To declare a minor free from parental custody and control, a trial court must find one of the grounds specified in section 232 exists by clear and convincing evidence. (Civ.Code, § 232, subd. (c); In re Angelia P. (1981) 28 Cal.3d 908, 919, 171 Cal.Rptr. 637, 623 P.2d 198.) However, the standard applied by an appellate court when considering an attack on the sufficiency of the evidence to support the trial court's judgment is the substantial evidence rule. (In re Matthew S. (1988) 201 Cal.App.3d 315, 321, 247 Cal.Rptr. 100; In re Nalani C. (1988) 199 Cal.App.3d 1017, 1022–1023, 245 Cal.Rptr. 264; In re Brittany H. (1988) 198 Cal.App.3d 533, 549, 243 Cal.Rptr. 763.)
We must review the whole record in the light most favorable to the lower court's judgment to determine whether it discloses substantial evidence such that a reasonable trier of fact could find the grounds for terminating a parent's rights based on clear and convincing evidence. (In re Angelia P., supra, 28 Cal.3d at p. 924, 171 Cal.Rptr. 637, 623 P.2d 198; In re Matthew S., supra, 201 Cal.App.3d at p. 321, 247 Cal.Rptr. 100.) Under this standard, “we do not reweigh the evidence or exercise independent judgment, but merely determine if there are sufficient facts to support the findings of the trial court. [Citations.]” (In re Matthew S., supra, 201 Cal.App.3d at p. 321, 247 Cal.Rptr. 100.)
The lower court found appellant abandoned minor. (Civ.Code, § 232, subd. (a)(1).) Abandonment requires proof of an actual desertion of the child with an intention to sever the parental relation and all of its concomitant obligations. (Matter of Cozza (1912) 163 Cal. 514, 528, 126 P. 161; Guardianship of Snowball (1909) 156 Cal. 240, 243, 104 P. 444; In re Brittany H., supra, 198 Cal.App.3d at p. 549, 243 Cal.Rptr. 763.) Proof of both abandonment and the intent to abandon are questions of fact to be decided by the trial court. (In re Brittany H., supra, 198 Cal.App.3d at pp. 549–550, 243 Cal.Rptr. 763; In re Gano (1958) 160 Cal.App.2d 700, 705, 325 P.2d 485.)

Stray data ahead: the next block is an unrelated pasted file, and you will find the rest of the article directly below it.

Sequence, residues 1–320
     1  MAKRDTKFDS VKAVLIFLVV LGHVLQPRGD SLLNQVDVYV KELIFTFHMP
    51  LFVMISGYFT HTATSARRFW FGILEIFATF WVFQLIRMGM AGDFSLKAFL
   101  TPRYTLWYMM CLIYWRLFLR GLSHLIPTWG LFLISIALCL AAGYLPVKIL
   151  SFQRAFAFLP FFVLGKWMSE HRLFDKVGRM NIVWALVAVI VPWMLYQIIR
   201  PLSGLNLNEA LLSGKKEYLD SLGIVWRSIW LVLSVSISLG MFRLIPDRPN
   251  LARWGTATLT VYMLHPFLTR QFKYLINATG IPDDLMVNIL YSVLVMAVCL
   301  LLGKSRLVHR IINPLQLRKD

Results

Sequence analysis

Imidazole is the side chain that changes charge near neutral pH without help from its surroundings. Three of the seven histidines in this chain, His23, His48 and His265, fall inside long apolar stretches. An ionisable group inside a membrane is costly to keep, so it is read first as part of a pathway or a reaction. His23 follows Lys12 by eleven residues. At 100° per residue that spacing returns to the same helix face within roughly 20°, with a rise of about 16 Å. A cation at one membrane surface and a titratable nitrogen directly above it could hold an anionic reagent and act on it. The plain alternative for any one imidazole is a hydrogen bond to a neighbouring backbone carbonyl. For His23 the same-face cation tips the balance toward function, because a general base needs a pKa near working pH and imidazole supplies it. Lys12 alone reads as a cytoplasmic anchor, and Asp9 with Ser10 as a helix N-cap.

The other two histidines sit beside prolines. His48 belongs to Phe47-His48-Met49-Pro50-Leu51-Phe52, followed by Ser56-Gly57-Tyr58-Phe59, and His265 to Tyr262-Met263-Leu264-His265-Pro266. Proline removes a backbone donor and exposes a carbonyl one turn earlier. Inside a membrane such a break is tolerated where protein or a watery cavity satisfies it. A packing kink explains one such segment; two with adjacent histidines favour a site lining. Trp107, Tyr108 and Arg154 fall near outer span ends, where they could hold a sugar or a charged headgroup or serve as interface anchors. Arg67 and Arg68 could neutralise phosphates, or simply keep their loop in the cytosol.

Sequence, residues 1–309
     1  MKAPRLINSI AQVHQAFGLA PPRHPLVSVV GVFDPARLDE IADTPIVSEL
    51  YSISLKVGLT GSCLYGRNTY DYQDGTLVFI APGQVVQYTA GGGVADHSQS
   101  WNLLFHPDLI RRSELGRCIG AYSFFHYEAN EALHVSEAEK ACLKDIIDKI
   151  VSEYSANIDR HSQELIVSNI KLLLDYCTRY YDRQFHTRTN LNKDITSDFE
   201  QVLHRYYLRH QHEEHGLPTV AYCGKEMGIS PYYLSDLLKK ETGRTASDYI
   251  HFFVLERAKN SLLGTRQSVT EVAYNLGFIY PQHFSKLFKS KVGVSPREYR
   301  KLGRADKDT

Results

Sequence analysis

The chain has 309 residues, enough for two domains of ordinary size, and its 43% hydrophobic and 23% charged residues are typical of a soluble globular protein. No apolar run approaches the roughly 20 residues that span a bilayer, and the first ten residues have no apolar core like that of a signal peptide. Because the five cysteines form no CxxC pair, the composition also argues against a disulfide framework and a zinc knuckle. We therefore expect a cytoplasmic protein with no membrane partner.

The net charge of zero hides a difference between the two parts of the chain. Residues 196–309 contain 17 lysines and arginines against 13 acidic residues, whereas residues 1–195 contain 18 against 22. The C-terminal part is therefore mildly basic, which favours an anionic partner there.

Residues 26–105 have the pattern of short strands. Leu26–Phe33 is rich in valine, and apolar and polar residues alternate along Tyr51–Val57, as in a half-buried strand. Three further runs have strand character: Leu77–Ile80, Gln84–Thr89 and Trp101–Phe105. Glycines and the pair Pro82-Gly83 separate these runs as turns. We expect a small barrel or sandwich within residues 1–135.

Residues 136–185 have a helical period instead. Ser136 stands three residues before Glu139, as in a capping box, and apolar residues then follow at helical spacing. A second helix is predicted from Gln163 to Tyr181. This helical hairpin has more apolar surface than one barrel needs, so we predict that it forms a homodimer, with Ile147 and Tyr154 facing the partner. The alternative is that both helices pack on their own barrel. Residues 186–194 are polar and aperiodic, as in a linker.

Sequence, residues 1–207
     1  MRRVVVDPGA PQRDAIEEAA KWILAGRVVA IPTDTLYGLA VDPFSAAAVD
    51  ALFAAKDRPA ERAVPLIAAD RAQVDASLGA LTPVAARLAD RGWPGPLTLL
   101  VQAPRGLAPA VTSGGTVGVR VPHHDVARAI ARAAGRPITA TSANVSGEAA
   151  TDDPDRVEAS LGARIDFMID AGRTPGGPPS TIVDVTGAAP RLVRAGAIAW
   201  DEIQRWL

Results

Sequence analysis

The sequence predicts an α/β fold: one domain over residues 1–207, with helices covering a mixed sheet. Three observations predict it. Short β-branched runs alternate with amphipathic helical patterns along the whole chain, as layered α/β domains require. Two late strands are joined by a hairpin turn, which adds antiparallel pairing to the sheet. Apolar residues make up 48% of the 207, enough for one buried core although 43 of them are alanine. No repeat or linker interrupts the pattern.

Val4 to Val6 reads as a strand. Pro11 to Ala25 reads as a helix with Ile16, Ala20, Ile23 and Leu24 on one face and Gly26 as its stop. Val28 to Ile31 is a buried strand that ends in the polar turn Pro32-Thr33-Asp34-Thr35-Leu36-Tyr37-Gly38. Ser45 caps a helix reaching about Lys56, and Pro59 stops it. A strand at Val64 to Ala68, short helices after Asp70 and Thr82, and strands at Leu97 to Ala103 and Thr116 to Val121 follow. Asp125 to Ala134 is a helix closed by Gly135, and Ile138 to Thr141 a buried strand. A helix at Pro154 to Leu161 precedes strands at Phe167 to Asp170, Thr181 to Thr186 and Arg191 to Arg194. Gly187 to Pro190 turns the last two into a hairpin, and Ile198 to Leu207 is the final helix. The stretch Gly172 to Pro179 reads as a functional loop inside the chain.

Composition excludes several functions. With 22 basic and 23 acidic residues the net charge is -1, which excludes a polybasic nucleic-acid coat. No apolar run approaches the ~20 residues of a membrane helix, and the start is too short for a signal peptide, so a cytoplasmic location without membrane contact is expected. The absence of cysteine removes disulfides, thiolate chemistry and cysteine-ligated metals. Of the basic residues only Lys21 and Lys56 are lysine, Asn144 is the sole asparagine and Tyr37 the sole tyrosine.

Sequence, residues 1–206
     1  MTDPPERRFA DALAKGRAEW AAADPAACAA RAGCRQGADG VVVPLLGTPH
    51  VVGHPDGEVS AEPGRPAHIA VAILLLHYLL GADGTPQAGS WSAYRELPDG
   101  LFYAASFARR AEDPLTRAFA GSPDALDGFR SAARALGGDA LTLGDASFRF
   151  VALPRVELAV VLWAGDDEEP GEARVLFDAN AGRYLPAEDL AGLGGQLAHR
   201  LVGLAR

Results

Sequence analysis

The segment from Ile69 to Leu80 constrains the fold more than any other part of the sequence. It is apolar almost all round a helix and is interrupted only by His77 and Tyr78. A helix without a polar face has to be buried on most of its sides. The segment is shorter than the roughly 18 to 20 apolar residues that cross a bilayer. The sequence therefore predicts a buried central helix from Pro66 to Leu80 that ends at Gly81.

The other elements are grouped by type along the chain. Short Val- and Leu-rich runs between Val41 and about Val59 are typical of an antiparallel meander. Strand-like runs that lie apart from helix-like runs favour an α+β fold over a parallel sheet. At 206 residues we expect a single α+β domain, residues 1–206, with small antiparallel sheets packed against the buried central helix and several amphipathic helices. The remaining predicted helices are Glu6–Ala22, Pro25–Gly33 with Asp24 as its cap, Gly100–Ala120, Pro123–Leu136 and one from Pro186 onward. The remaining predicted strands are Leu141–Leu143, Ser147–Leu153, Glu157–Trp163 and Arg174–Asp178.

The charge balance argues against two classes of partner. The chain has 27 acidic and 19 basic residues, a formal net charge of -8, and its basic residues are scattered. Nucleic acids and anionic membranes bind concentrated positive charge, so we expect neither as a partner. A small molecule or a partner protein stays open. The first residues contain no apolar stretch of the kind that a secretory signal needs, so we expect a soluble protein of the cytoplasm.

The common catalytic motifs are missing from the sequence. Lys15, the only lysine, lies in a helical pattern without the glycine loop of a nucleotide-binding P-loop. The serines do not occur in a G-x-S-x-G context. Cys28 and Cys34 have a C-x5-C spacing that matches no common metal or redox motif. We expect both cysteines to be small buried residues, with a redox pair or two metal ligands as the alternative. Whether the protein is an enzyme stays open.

A case factually analogous to this appeal is Guardianship of Rutherford (1961) 188 Cal.App.2d 202, 10 Cal.Rptr. 270. In Rutherford, a woman gave birth to a child out of wedlock. Prior to the minor's birth, the mother met with the Schafers and their attorney, and discussed the possibility of an independent adoption. Counsel advised the mother that any adoption would not become final until she consented to it in writing. When the child was born, the mother vacillated over whether to keep the child. Nonetheless, she released the child to the Schafers. Over the next six months, the mother continued to vacillate between keeping the child and consenting to an adoption. Finally, she refused to consent to the adoption. The Schafers instituted a guardianship proceeding alleging the mother had abandoned the child. The trial court entered judgment for them.